• You eat dinner a little early, not because you’re very hungry but because you know you’re going out with friends and don’t want to order out—or you wait until you’re starving and eat post-drinks. You pour a glass of wine, browse the fridge, take your time making dinner, eat until you’re relatively full and then head out.
  • You decide not to eat before going out because you’re not hungry. You wait to eat dinner until 8pm, after you’ve gone out for drinks. Now you’re ravenous. You dive into your cabinets looking for whatever is easiest to make, and dig into the first thing you see. You eat so fast, you don’t realize how full you are—and now you’re stuffed and wishing you hadn’t eaten so much.

In the second scenario, you’re so hungry that you may be experiencing slight nausea or a headache from the hunger. But you may even eat unhealthier foods because you’ll likely eat one of the first things you find; forget about taking time to make a healthy dinner.

You may have similar experiences if you wait too long to have lunch at work, or eat breakfast late in the morning.

Stop Once and For All: Most people tend to eat around the same time every day. Set an alarm on your phone for an hour before you’d normally eat each meal so you remember to nosh earlier than usual. You’ll quickly find that you’re more likely to make rational healthy choices about what you’re eating and how much.

Give Yourself Time

How many times have you looked down at your plate, knowing that you’re full, and finished it anyway? When you’re done, you feel full and mad at yourself: Why did I eat the rest of that? I didn’t need it and now I feel like crap. It’s hard to resist food in the moment, thanks to our need for instant gratification. But giving yourself time to decide whether or not to finish the plate may be exactly what you need.

Stop Once and For All: The next time you’re in a moment where you would normally eat more, but know you shouldn’t, stop for 10 minutes. Give yourself time to decide if you want to eat the rest of the food on your plate. Almost every time, you’ll be happy to toss or save the rest of the food when your 10 minutes is up.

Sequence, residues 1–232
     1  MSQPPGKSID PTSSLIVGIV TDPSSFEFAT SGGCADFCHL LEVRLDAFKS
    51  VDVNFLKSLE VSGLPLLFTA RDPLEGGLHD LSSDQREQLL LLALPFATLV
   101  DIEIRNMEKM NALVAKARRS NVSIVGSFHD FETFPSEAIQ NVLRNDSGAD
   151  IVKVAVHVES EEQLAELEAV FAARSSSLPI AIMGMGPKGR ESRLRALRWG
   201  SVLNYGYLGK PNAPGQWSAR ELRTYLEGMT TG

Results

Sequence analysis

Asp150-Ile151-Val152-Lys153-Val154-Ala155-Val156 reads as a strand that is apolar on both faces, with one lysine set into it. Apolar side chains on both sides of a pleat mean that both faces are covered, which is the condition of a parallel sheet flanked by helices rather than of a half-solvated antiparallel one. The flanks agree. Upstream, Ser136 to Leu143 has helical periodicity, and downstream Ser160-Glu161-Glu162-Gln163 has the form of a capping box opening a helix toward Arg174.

Pay Attention to All Your Hunger Cues

If you’re waiting for your stomach to growl, you may be setting yourself up to overeat, because we don’t all experience the same hunger cues. Sometimes it shows up as a headache or a bad mood that comes on suddenly. A nutritionist once said, “I always know I’m hungry when I’m happily working on something and all of a sudden I’m annoyed by what I’m doing.”

Knowing how hunger can show up in your body is key to recognizing it before it’s too late and you’re starving. Other potential hunger signals include:

  • Growling stomach
  • Nausea
  • Headache
  • Low energy
  • Suddenly irritable (“hangry”)

Stop Once and For All: Make note of which hunger cues you experience each time you eat. Slowly you’ll discover what means “I’m hungry” for your body, allowing you to eat right away rather than waiting until later, when you’re ravenous, and therefore more likely to overeat.

Stop Overeating

It can be so hard to say no when food is right in front of you—and so easy to ignore that full feeling and eat until you’re so full you literally need to lay down because it hurts to sit or stand. Stop the cycle of overeating once and for all with these simple tips. Test each one to see which works best for you and then stick with it. Once it becomes a habit, you’re more likely to say no when you’re full and indulge when your body needs the fuel.

JESSICA THIEFELS

Jessica Thiefels has been writing for more than ten years and is the owner of Honest Body Fitness. As an ACE Certified Personal Trainer, she specializes in HIIT and circuit training, teaching small groups and working with clients one-on-one to reach their fitness and weight loss goals.

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You may have heard of workplace wellness programs and all of the perks that companies offer their employees to help them stay healthy and present. But maybe, for one reason or another, you’ve never really explored what your company has. Even though employee health is good for your company, the focus is YOU so why not take advantage of it all? Here are three benefits you won’t want to miss out on.

Youthful energy: The carefree spirits and good health associated with young adults can be yours too when you take advantage of all the benefits your wellness program has to offer! These programs typically include benefits that are tailored towards helping you to greater physical health — whether that is giving you free fitness classes, getting you a standing desk, or encouraging noontime walks. Being more active through these activities reduces your risk of a whole sleuth of preventable diseases, like obesity and heart disease! These little fitness-y breaks also help you have higher energy levels, a better mood, and less muscle stress. Really, who can say they wouldn’t like to be more healthy?